An electrostatic filter in an allergy air purifier works by either being electrically charged when new or by producing a small amount of friction when the air passes through the filter, creating a small natural electrostatic charge between the polypropylene and the layers of bonded polyester fibres in the allergy air purifier. The electrostatic charge is then supposed to attract household dust and other particles to the electrostatic filter when they pass through it. An electrostatic filter can be effective in capturing a broad range of large allergens and is offered in a range of different allergy air purifiers such as the range of allergy air purifiers from 3M. A drawback of an allergy air purifier with an electrostatic filter is that the filtration efficiency is not consistent and the original electric charge often wears off quickly.
This type of technology incinerates pollution, including natural allergens. This can effectively render natural allergens non-allergenic. However, the combustion technology requires that these allergy air purifiers have a very low level of airflow (i.e. if the air moves through the unit too quickly, then the allergens will not be exposed to enough heat to be destroyed). The only company that offers combustion in air purifiers is Airfree. Airfree says that the low level of airflow their air cleaners produce is not a problem, because the air that comes out of the unit is “so clean”. We do not agree, as the minimum of at least 2 air exchanges per hour already assumes that the air is completely clean.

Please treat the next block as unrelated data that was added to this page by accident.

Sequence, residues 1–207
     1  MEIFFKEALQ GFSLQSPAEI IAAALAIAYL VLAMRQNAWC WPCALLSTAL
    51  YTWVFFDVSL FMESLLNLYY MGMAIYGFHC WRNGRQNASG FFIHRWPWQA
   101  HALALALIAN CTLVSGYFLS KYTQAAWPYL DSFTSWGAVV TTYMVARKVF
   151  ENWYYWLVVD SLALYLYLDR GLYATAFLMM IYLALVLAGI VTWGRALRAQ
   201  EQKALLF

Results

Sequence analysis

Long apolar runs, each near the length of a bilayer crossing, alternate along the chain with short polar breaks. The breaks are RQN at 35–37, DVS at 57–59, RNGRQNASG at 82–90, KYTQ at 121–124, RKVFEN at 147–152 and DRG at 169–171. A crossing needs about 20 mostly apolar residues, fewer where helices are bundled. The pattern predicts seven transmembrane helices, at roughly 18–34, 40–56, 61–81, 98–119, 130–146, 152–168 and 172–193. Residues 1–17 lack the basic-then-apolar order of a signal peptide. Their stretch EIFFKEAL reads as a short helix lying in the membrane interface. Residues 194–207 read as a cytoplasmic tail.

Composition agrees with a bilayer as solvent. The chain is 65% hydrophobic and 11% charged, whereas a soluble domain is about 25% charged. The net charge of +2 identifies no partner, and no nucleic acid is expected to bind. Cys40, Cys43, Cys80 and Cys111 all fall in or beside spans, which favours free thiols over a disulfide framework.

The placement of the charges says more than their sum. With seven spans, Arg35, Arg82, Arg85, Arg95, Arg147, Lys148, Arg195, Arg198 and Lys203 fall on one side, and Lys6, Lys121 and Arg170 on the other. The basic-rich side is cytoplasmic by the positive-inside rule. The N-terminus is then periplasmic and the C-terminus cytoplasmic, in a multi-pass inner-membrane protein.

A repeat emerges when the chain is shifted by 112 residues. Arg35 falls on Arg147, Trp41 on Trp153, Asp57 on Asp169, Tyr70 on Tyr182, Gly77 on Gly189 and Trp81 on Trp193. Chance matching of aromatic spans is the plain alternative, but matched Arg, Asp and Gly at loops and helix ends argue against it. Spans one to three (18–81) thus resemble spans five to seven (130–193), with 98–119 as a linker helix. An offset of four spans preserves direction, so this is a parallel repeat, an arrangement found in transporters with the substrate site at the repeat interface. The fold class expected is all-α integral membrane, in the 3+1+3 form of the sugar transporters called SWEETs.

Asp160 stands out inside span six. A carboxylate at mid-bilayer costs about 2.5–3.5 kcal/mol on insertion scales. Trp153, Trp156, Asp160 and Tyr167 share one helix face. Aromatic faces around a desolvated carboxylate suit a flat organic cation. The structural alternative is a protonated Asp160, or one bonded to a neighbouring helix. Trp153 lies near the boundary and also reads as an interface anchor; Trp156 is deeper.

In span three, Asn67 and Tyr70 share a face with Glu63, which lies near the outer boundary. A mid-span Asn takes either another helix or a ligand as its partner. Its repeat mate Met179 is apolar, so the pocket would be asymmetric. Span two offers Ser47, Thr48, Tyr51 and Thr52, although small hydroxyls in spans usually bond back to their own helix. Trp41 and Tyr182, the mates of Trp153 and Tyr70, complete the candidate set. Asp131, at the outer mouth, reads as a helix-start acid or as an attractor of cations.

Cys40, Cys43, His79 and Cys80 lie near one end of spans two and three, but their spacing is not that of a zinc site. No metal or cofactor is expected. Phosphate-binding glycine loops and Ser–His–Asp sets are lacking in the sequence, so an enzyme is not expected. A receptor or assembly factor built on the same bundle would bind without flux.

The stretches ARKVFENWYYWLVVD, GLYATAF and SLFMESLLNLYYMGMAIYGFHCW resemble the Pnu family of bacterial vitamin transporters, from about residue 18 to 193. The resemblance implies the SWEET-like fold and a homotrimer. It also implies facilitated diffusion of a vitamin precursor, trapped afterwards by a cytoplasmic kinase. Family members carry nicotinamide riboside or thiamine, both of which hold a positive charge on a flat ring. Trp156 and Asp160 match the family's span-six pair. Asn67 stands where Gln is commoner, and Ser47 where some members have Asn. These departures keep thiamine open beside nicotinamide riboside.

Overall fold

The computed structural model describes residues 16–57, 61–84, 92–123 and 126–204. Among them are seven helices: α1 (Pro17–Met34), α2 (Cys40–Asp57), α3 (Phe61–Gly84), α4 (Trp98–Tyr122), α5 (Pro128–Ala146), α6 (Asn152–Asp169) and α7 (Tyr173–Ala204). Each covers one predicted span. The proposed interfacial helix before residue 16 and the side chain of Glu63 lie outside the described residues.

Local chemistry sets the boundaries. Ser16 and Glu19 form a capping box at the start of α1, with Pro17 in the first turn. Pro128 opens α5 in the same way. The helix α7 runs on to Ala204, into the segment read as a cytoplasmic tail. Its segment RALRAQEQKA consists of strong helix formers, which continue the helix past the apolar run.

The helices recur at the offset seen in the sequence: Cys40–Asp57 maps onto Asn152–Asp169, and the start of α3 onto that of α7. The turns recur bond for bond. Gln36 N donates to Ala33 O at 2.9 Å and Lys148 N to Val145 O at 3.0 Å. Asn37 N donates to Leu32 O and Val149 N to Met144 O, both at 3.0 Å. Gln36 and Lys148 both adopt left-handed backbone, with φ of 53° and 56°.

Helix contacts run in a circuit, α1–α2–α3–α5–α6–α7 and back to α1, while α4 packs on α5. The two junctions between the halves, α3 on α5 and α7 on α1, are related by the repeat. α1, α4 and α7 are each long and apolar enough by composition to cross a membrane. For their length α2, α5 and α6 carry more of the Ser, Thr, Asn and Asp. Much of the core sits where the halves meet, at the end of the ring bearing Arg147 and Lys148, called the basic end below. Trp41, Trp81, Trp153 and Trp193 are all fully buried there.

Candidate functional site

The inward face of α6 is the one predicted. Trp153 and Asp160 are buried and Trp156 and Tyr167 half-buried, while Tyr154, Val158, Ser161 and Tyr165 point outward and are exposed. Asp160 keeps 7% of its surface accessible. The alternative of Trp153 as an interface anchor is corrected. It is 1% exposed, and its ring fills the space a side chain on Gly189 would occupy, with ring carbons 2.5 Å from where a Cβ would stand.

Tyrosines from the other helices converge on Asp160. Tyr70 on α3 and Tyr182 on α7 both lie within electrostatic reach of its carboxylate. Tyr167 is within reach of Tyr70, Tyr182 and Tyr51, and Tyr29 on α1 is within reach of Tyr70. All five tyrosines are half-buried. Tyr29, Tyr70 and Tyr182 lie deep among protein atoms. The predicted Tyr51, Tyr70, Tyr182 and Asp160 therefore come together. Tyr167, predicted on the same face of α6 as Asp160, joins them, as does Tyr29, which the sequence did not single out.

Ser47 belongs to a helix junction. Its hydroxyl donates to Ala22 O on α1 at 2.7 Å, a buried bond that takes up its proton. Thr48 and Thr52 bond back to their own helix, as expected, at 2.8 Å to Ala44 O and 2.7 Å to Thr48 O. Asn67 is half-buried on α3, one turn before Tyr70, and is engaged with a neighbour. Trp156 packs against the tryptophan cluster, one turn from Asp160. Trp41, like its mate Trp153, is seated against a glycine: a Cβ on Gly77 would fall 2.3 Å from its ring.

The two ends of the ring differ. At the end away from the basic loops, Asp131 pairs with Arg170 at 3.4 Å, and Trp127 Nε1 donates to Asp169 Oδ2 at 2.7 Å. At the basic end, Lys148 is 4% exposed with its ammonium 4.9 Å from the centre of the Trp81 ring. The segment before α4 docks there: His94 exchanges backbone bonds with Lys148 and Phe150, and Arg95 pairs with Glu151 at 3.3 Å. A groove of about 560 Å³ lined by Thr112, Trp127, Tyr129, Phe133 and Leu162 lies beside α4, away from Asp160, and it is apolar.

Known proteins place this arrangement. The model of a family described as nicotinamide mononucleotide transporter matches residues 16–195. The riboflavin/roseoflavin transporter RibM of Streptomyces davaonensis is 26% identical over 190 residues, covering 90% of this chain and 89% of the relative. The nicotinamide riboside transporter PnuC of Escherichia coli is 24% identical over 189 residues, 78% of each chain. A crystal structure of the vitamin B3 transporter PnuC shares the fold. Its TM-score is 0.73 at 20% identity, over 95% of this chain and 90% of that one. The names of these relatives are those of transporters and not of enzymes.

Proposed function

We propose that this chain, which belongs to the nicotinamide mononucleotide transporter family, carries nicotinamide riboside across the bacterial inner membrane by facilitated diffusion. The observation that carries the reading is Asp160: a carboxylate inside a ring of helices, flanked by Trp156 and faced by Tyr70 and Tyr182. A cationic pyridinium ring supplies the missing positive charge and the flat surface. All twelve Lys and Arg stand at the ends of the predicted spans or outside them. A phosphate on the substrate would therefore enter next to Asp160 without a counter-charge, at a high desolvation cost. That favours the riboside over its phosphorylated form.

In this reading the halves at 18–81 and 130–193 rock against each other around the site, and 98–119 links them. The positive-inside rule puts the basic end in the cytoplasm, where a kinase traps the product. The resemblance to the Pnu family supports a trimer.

The sound is something you should consider particularly if you are planning to use your allergy air purifier in the bedroom. The noise level of an allergy air purifier will vary depending on the speed setting it is used on. Be sure to check that the airflow that is being produced is achieved on a speed setting that is appropriate in regard to the sound pressure. We often see allergy air purifiers advertised with great airflow only to find that the sound pressure at that speed setting makes the allergy air purifier unsuitable for most environments.
The maintenance of an allergy air purifier will require can vary drastically. Some allergy air purifiers such as the Bioniare BAP9240 and the HoMedic AR-10A-GB require the filters to be cleaned and vacuumed every month. Blueair air cleaners require that their filters are changed every 6 months and IQAir air cleaners require a filter change every 12-48 months.
The running cost of your allergy air purifier will predominantly depend on the type of unit you have along with the filters used in it. The Blueair air purifiers require the filters to be changed every 6 months although this will vary on the level of pollution and usage. The IQAir air purifiers have more than one filter so the frequency of change is not the same for all. As the IQAir HealthPro 250 uses three filters, the pre-filter and carbon filter need to be changed on average every 12-18 months, and the HyperHEPA filter every 3-4 years. However, again this will vary on the level of pollution and frequency of use. There are units that will require filter changes every 1-3 months which can be significantly costly.
The two best allergy air purifiers that we would recommend are the Blueair 3410 and the IQAir HealthPro 100: